Microdoses of psilocybin and ketamine enhance motivation and attention in rodent models relevant to depression

Psy Post – Updated for December 2021

Author: Eric W. Dolan

Low doses of psilocybin and ketamine can heighten food-related motivation and improve attention in poorly-performing male rats, according to new research published in Frontiers in Pharmacology. The new findings shed light on some of the potential benefits of microdosing, which refers to the consumption of very small and routine doses of a psychedelic drug.

“Based on my Pharma R&D experience, I’ve been interested in the pharmacological effects of low (micro) doses of NMDA antagonists in preclinical species for many years. More recently, this research led to our investigations with ketamine and psilocybin at InterVivo Solutions,” explained study author Guy Higgins, the company’s chief scientific officer and an adjunct professor at the University of Toronto.

“While there is anecdotal evidence for beneficial effects such as improved motivation and cognitive function of these drugs at low (micro) doses in humans, it is only now that they are beginning to be investigated in appropriately controlled trials. There is also very little preclinical research into low (micro) dose psychedelics. An objective of this work was to define these effects in rodents using behavioral tests that translate to those that can be adopted in humans.”

The placebo-controlled study examined the effects of various small doses of ketamine and psilocybin in rodent models. The researchers used a behavioral measure of reward processing and motivation (known as the Progressive Ratio Task) as well as a behavioral measure of attention and impulsivity (known as the 5-Choice Task.) Repeated testing of the rodents prior to the start of the experiment allowed the researchers to divide the rats into a “low” performers group and “high” performers group.

Higgins and his colleagues found that low doses of both psilocybin and ketamine were associated with increases in task motivation, attentional accuracy, and impulsive action — but only among rodents in the “low” performers group. This effect occurred at doses as low as 1 mg/kg for ketamine and 0.05 mg/kg for psilocybin.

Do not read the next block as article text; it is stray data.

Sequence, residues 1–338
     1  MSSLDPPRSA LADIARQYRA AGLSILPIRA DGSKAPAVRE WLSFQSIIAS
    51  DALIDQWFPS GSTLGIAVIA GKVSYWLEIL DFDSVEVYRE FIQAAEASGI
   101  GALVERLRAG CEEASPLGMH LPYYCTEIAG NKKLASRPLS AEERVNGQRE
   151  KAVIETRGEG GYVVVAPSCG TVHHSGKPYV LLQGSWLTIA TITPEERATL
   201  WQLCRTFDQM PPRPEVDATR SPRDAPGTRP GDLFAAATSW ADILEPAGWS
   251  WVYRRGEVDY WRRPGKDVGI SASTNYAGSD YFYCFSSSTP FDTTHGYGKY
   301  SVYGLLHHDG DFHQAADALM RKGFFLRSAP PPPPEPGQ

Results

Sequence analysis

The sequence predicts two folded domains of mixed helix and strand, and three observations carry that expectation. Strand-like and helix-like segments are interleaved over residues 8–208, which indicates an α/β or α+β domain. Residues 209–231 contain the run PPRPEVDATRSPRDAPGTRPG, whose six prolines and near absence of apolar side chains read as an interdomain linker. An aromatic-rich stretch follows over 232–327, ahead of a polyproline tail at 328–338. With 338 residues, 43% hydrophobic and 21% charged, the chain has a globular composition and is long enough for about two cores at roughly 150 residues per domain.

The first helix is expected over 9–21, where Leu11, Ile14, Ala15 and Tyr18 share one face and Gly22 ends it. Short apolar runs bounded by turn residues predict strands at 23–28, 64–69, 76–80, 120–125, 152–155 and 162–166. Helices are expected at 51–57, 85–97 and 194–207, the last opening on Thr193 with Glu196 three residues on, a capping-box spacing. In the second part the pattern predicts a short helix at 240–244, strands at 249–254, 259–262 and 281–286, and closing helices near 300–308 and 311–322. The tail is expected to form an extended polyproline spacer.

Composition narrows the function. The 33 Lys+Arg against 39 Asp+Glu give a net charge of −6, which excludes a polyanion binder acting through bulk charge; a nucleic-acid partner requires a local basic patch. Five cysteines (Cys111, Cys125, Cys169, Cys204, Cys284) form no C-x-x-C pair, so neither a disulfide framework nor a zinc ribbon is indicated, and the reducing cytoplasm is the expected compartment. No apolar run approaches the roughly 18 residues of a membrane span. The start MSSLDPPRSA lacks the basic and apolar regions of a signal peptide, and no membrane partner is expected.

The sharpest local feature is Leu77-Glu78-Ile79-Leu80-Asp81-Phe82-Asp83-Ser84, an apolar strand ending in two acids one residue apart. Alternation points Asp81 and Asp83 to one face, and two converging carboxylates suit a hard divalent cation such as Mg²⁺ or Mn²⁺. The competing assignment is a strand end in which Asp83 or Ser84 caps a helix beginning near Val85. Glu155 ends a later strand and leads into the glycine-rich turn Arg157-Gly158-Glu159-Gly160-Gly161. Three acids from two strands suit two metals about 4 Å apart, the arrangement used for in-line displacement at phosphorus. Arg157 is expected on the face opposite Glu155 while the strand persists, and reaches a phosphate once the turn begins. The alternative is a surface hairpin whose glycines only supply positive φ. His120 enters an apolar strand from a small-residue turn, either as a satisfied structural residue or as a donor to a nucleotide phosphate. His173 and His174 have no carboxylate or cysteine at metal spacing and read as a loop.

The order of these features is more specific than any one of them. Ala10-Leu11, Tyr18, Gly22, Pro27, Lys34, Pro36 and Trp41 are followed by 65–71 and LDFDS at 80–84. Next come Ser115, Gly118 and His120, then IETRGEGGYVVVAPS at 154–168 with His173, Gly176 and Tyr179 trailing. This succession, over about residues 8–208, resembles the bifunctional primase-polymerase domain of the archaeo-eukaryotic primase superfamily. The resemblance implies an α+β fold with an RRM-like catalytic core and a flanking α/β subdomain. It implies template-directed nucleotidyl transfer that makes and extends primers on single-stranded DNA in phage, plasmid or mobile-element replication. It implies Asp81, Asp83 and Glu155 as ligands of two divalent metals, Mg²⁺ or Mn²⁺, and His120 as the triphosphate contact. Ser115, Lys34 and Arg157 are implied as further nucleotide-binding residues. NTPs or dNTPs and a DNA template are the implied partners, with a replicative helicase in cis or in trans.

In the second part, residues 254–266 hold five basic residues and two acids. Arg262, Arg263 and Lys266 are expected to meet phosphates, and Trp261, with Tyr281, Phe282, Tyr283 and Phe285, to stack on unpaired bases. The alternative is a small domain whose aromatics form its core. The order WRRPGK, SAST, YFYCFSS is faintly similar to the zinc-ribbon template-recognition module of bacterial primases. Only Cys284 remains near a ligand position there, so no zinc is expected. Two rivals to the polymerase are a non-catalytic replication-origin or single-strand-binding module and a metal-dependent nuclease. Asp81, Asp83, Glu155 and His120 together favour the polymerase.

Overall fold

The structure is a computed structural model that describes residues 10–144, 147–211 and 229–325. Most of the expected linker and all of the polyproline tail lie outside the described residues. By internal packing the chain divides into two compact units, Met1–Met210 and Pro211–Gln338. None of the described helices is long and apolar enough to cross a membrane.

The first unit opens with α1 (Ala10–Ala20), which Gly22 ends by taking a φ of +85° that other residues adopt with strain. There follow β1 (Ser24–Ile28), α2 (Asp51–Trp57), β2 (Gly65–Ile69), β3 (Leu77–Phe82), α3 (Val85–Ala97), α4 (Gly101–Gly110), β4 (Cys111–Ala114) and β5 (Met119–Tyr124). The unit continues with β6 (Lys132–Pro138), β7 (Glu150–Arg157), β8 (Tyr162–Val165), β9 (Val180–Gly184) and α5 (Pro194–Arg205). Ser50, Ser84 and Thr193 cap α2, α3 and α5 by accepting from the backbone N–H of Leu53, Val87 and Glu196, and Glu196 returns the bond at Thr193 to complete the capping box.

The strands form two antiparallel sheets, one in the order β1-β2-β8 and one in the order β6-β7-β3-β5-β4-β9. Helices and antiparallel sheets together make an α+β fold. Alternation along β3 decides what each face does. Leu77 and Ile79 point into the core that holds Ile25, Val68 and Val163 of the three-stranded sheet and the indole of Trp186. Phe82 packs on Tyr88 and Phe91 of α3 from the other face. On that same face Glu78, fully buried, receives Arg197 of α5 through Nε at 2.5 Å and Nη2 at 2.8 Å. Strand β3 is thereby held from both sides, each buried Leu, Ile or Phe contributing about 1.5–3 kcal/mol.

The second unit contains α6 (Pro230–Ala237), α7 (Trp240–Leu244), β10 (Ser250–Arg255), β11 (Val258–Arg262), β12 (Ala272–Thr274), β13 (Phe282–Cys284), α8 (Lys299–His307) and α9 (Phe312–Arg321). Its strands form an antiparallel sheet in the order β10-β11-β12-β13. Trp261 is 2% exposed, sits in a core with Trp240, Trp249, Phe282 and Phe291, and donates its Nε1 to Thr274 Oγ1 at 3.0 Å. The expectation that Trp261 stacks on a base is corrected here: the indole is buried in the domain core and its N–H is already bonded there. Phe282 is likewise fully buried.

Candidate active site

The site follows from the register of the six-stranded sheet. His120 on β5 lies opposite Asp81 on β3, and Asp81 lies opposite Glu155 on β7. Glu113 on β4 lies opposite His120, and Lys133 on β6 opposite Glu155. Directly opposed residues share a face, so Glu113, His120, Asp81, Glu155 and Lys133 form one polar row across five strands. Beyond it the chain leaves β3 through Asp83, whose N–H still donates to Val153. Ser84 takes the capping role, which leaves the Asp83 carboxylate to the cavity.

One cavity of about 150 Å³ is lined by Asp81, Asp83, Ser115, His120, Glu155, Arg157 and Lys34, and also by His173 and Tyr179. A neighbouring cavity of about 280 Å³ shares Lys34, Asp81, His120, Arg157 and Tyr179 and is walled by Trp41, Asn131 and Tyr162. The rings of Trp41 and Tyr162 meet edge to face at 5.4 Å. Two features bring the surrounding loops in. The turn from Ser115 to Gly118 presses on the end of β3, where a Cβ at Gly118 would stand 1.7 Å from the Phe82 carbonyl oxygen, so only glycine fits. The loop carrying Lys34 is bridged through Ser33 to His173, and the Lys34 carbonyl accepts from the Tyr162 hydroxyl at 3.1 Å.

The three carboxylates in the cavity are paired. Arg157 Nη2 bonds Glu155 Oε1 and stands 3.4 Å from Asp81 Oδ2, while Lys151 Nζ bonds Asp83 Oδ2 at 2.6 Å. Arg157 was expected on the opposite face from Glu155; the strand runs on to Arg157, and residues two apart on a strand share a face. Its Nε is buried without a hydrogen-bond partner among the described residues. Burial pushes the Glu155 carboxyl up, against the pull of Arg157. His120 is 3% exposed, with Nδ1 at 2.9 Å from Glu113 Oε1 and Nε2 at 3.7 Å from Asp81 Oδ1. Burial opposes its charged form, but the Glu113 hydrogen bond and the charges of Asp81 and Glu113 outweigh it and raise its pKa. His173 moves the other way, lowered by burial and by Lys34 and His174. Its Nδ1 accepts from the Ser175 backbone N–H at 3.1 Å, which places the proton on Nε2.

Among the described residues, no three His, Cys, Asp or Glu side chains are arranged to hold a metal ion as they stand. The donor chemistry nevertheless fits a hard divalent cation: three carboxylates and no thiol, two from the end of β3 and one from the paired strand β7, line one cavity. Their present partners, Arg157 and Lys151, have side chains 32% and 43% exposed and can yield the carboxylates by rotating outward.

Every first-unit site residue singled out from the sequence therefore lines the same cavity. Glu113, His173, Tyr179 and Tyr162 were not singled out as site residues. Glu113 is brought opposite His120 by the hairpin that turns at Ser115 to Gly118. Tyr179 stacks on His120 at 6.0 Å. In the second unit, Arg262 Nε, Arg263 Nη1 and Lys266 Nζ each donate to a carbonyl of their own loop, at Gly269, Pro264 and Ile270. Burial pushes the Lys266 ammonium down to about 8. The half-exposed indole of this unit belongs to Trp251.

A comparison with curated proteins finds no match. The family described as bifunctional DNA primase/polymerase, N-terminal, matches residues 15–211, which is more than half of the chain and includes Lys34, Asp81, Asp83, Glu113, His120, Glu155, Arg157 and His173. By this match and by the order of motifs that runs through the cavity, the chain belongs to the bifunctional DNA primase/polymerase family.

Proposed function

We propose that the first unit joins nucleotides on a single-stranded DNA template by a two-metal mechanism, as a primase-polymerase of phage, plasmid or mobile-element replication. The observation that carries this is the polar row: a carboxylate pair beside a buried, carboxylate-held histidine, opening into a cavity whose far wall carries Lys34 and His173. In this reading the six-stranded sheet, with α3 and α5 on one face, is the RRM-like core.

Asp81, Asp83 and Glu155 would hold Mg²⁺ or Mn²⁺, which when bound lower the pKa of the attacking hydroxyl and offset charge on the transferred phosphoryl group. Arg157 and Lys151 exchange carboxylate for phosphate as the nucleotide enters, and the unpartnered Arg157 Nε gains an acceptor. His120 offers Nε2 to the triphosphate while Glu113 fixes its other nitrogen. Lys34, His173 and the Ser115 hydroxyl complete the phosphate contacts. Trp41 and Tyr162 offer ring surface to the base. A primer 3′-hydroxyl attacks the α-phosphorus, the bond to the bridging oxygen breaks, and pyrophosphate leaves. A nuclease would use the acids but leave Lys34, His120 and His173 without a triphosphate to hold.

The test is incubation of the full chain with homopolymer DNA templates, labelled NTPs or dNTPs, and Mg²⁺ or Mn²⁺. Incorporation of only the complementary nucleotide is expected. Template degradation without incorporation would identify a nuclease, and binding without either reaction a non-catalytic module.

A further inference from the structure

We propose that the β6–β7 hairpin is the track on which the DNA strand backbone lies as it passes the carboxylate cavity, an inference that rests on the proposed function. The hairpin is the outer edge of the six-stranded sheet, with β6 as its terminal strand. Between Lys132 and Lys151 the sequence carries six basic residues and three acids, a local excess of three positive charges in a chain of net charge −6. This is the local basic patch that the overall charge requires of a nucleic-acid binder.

“Currently, there is no real scientific consensus as to what microdosing of ketamine and psychedelics such as psilocybin actually means,” Higgins explained. “For example, what are the required plasma levels and dosing schedules necessary for best effect? What is the pharmacological mechanism for these effects? Are these effects clinically meaningful?”

“In the current study we have defined plasma exposures and behavioral effects of both ketamine and psilocybin in the low dose range, and in tests relevant to depression that are directly translatable to humans. This should facilitate their investigation in controlled human trials and hopefully provide a point of reference for future research.”

Although the microdosing of psychedelic drugs has shown some promise when it comes to improving mental health, most evidence is currently based on retrospective self-reports, which can be prone to errors and bias.

“The field of microdosing would significantly benefit from having a sound scientific rationale of mechanism, and most importantly, a demonstration of clinical benefit in controlled, well powered clinical trials in appropriate study populations,” Higgins explained. “Another important issue that needs to be addressed is safety. Although administered at low doses, ketamine and psilocybin would likely be administered on a frequent basis. Consequently, the safety profile of these drugs may differ from that in the macrodose range, where these drugs are only given on 1-3 occasions.”

“I’ve been involved in CNS Drug R&D in one capacity or another for over 30 years, and I have worked on many potential drug targets and contributed to multiple drugs entering development,” Higgins added. “I truly believe the psychedelic drug class either administered as psychedelic-inducing macrodoses allied to behavioral therapy, or as low (micro) doses, have the greatest potential for significant medical benefit relative to many other drug classes I have worked on. However, while the future is undoubtedly exciting, there is an immediate need for well controlled clinical trials to fully test, and hopefully realize, this potential.”

The study, “Low Doses of Psilocybin and Ketamine Enhance Motivation and Attention in Poor Performing Rats: Evidence for an Antidepressant Property“, Guy A. Higgins, Nicole K. Carroll, Matt Brown, Cam MacMillan, Leo B Silenieks, Sandy Thevarkunnel, Julia Izhakova, Lilia Magomedova, Ines DeLannoy, and Edward M. Sellers.

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